I woke up at 4:10am for breakfast and coffee. I have to admit that I was nervous. Not as nervous as on Sat, but nervous for the day.
On Saturday, I had a slight breakdown for the 112 mile bike ride because Karel told me it was challenging. Although he gave me great details about the race and specifics on the course, I was so scared for the descends.
After breakfast, I put on my speed suit and Karel and I headed to the transition area to check in my T1 and T2 gear bags, put in my water bottles and bento box and pump my tires.
My wonderful and amazing parents got up at 4am to go wait in line at the swim start. I have the best parents in the world!!
After doing my bike stuff, Karel and I made the .6 mile walk from transition area to the swim start. Once again, Karel had me laughing the whole walk. I kept telling him that my tummy hurt but he confirmed that it was just nerves. I tried to listen to him but of course it's hard to knock out all those negative thoughts in your head before an IM.
After getting body marked, we found my parents who had a great spot near the front of the line. The line went on for at least a mile behind me and I think there was around 200 people in front of me. I didn't mind the 2 person at a time start but I think it would have been hard if I didn't have my awesome parents waiting in line for me. Karel and I had to go to the bathroom and as we were walking back to my parents the line started moving.
I quickly stripped off my clothes, sprayed my sunscreen all over me, grabbed my goggles, gel and cap and gave my parents my shoes. All morning I felt like I was forgetting something. It didn't take me long to pack my transition bags but everything seemed to go by so fast on the day before the race.
We walked down a sidewalk that took us closer to the water. As I was waiting in line with the other athletes we listened to someone sing the national anthem, play my old Kentucky home on a trumpet and play the star spangled banner. Another great part about the swim start was that my mom and Karel could stand right by me on the concrete steps as I was in the gated area for the swim start. It was a nice change from being crammed in with 2000+ athletes, standing on the sand for 15+ min. or treading water for 20+ min.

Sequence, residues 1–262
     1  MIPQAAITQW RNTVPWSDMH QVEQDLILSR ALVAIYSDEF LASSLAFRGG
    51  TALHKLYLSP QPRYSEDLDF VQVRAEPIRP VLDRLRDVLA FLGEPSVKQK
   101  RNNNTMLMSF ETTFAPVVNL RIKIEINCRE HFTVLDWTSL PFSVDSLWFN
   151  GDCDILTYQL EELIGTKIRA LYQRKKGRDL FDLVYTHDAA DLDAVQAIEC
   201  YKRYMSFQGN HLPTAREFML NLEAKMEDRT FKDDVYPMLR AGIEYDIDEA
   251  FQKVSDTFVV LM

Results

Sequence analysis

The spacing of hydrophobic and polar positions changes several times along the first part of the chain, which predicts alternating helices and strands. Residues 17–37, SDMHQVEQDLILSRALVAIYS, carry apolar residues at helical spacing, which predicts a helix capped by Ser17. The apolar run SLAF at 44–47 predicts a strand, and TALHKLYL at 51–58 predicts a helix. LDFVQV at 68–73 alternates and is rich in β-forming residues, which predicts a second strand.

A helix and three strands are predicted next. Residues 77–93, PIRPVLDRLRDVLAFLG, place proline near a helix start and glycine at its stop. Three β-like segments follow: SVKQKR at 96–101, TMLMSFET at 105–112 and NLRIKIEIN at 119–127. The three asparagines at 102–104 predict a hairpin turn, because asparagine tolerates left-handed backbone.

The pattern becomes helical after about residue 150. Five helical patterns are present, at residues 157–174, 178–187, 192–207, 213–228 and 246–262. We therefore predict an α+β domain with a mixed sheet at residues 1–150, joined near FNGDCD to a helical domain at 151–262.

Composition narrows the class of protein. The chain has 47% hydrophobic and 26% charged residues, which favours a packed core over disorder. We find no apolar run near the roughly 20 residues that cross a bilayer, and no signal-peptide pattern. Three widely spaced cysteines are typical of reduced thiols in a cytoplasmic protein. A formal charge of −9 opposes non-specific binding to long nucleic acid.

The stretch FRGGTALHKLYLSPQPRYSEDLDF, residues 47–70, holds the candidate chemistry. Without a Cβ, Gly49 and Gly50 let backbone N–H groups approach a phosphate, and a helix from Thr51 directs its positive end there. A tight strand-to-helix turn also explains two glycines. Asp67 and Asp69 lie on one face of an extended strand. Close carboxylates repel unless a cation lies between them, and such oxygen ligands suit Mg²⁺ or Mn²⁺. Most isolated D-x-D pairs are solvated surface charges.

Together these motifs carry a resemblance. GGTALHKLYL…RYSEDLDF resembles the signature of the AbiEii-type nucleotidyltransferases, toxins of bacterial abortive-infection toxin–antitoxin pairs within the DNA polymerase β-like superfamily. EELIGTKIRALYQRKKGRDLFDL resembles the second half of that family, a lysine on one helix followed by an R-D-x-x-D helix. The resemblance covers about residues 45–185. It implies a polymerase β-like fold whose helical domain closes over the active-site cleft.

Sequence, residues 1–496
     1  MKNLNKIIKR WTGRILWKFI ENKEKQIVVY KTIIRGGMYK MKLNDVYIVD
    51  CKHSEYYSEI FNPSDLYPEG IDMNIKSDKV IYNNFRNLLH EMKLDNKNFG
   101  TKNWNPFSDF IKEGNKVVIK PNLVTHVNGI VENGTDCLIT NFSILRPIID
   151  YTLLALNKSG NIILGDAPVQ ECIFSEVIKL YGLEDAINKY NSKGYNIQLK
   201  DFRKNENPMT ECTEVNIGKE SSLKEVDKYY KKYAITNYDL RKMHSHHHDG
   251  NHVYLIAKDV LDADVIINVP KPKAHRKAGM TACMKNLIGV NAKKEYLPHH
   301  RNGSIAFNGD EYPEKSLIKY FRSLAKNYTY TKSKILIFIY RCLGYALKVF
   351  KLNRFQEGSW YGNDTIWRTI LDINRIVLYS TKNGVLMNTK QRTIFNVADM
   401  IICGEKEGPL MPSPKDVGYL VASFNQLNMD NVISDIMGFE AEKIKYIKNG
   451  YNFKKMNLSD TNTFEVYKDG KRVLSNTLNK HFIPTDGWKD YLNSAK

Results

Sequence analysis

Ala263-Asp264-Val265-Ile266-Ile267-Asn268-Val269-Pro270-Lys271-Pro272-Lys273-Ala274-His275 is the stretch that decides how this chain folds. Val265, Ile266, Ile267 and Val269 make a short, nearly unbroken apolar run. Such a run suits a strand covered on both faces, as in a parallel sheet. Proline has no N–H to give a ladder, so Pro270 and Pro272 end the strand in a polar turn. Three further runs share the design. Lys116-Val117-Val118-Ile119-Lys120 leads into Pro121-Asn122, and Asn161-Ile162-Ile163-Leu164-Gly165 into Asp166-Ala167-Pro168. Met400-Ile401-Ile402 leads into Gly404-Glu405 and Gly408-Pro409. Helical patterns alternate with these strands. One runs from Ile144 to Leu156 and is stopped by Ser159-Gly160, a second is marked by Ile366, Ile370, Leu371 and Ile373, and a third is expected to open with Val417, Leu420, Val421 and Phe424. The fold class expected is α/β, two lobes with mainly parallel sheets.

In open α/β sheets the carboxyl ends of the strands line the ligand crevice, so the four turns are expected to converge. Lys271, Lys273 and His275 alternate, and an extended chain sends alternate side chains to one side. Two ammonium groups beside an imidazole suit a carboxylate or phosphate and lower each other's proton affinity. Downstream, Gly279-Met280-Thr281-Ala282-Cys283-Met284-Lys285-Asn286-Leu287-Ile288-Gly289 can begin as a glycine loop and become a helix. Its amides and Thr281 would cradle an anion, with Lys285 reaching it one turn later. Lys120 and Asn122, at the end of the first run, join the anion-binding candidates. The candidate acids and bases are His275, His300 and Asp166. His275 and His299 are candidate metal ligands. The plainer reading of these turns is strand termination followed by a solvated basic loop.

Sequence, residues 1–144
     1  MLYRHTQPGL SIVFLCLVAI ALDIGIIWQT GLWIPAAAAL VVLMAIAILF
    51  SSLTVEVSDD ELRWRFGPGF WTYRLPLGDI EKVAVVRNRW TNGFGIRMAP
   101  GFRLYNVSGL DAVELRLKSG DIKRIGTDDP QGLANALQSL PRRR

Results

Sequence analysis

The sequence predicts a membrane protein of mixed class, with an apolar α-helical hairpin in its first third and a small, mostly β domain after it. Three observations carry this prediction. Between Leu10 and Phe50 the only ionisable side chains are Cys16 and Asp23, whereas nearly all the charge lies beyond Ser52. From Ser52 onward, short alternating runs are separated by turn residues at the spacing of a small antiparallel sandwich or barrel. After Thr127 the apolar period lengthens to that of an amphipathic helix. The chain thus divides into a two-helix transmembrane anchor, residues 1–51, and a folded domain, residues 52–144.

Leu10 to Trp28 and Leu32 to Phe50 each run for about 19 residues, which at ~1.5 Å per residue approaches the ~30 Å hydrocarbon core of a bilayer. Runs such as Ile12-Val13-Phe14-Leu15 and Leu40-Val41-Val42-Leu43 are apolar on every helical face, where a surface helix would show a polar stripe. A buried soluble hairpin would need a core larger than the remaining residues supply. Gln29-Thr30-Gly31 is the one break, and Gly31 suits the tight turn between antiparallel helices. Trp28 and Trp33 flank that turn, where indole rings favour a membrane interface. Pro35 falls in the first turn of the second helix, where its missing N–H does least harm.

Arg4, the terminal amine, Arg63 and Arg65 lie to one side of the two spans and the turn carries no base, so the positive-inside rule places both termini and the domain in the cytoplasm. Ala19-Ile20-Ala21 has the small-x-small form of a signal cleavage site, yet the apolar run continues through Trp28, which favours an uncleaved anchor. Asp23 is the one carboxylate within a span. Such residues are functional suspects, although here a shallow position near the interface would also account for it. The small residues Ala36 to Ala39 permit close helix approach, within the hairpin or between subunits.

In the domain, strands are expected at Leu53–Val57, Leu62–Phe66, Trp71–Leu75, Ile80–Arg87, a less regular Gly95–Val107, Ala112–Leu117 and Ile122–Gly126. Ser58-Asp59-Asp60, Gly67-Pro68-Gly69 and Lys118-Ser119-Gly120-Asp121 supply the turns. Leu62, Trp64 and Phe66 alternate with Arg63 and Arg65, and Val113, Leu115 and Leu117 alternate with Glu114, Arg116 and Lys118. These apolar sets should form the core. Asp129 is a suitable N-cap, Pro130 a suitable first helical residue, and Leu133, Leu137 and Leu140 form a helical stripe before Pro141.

After the pros went off at 6:50am we slowly walked closer to the dock. They split us into two lines so we entered on separate docks, right next to each other.
The line moved really quickly and I was in the water at 7:01. I jumped in the water and started swimming.
I still got hit a lot because we were in a channel, close to an island. I didn't mind the thought of swimming in the Ohio River but the current was really strong after we turned around the island.
The first part of the swim took a long time. We were going so far away from the transition area I wondered how long it would take me to get back to the swim finish. It just seemed to go on forever before we finally headed toward the direction to the swim finish.
My goal for the swim was 1:03-1:05. The main reason I set that goal was that my first IM swim was 1:07 (IMFL) and Kona was 1:06. I just wanted to go faster and the past month I have been swimming fast in the pool.
I passed a lot of people on the swim but I started to doubt myself when I looked at my watch at 55 minutes. I wanted to look at my watch the whole swim but I didn't want to psych myself out. I did a great job of spotting and staying close to the buoys but the current was strong and without salt water, I was losing confidence that I could meet my goal time. After I looked at my watch I looked up and there was a long line of buoys. I thought to myself "Am I ever going to reach the finish???" It just kept going and going and going.
Finally, I saw the two red buoys for the finish, checked my watch which read 1 hour and 1 min. and just swam as fast as I could.
After I climbed up the steps to exit the water I looked at my watch and smiled when I saw 1:04. Goal #1 - completed!
I made the run to transition area and I was alone in the changing tent. A downside of the single person start is that you don't have competition right next to you. Because I am super competitive, it was hard for me to stay focused on my other goal to race my own race. I wanted to know how I was doing in my age group and where my competition was at. However, I think not having girls around me was a good thing. I knew that the bike could be strong for me, so long as I stuck to my game plan.
I decided to go with cycling shorts (with padding) on the bike and I choose to use a Bento Box. Two things I have never done before in a cycling race but I am so happy with my choice to do both.
My volunteer in the changing tent was probably very new to the sport because she was a little taken back when I stripped down and changed into my cycling shorts. She was very helpful and I thanked her for helping me put all my gear on.
After the transition I ran to my bike and luckily, didn't pass it up on my row. There were so many bikes in such a large transition area but I can't miss my beautiful Black Hawk.
The transition was quick at around 4 min. which is much better than my 7 min transition in IMFL where I shivered in T1 to try to get warm.
I heard my mom cheering for me and it was off for the bike. As soon as I started riding, I was in my zone and feeling good.